2. News of ‘Natty Narwhal’ Previews What’s Next For Ubuntu (PC World) | Websbay Says:

    […] it’s been the subject of some debate, there’s also been word that wrote on his blog. “We should evaluate apps on the basis of how well they meet the requirement, not prejudice […]

  3. News of ‘Natty Narwhal’ Preview What’s Next For Ubuntu (PC World) | Websbay Says:

    […] it’s been the subject of some debate, there’s also been word that wrote on his blog. “We should evaluate apps on the basis of how well they meet the requirement, not prejudice […]

  4. With Ubuntu’s shift to Qt in 11.10, an attack on the mobile sector must be imminent | Self Hosted WordPress Blog Says:

    […] come the end of 2011, is to become a standard component of Ubuntu 11.10. Ubuntu currently, and in the upcoming 11.04 Natty Narwhal distribution, uses Gtk+, a competing […]

  5. With Ubuntu’s shift to Qt in 11.10, an attack on the mobile sector must be imminent | Rott Weilers and Everything Else Says:

    […] come the end of 2011, is to become a standard component of Ubuntu 11.10. Ubuntu currently, and in the upcoming 11.04 Natty Narwhal distribution, uses Gtk+, a competing […]

  6. Shuttleworth: pensiamo a Qt su Ubuntu | oneOpenSource Says:

    […] di stupire qualche utente/sviluppatore: il patron di Ubuntu ha infatti dichiarato di voler includere le librerie Qt nelle prossime versioni di […]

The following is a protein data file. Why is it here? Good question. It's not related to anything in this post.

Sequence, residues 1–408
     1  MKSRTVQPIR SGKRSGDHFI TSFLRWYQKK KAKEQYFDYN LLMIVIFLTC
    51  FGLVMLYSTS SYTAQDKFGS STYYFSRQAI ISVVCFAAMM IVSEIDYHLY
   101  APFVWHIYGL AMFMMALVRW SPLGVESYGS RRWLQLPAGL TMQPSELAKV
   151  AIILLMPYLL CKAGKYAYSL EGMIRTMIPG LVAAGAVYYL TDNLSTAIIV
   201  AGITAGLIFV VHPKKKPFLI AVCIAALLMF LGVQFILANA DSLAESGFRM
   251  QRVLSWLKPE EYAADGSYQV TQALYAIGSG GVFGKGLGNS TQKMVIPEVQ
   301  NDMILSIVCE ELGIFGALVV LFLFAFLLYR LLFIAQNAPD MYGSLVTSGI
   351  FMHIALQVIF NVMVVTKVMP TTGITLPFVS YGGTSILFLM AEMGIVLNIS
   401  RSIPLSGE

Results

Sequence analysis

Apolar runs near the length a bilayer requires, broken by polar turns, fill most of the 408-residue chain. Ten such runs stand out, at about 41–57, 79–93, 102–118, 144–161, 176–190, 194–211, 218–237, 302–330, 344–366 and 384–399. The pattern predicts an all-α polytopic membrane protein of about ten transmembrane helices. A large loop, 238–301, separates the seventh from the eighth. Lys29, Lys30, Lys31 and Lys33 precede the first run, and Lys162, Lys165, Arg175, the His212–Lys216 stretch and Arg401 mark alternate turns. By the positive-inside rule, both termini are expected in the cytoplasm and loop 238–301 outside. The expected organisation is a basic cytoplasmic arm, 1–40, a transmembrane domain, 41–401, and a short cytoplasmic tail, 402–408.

7. capt jack harkness Says:

    >All I know is Gnome and GTK apps look a hell of a lot nicer than KDE and Qt apps.

    I would love just once for a discussion not to devolve in the childish ‘my desktop is the bestest’.
    If your personal taste is to be used as a barometer, then fine, we will all agree with you since that’s all you know. Quick now… which should we like more? Vanilla or chocolate ice cream?

    The Qt move is the right one. I know that some of the diehard fanatics who started GNOME because KDE wasnt free enough will have fits but it really is a fine tool that is always moving ahead. Its importance in mobile is a great plus.

    I do agree with A.Seigo that the Ubuntu way of going about this is all wrong.
    Im a bit lazy so I will copy and paste from his blog that someone kindly posted in the comments here:

    “To get applications working together as well as possible, the answer is not to start creating Ubuntu-targeted versions of Qt apps, but to work on the issues below the application developer’s line of sight. If settings are an issue, then there are two avenues that should be pursued: identification of which settings ought to be widely shared and identification of management processes that ought to be shared. The former can be approached through standardization if nothing else, and the latter is probably a technology problem.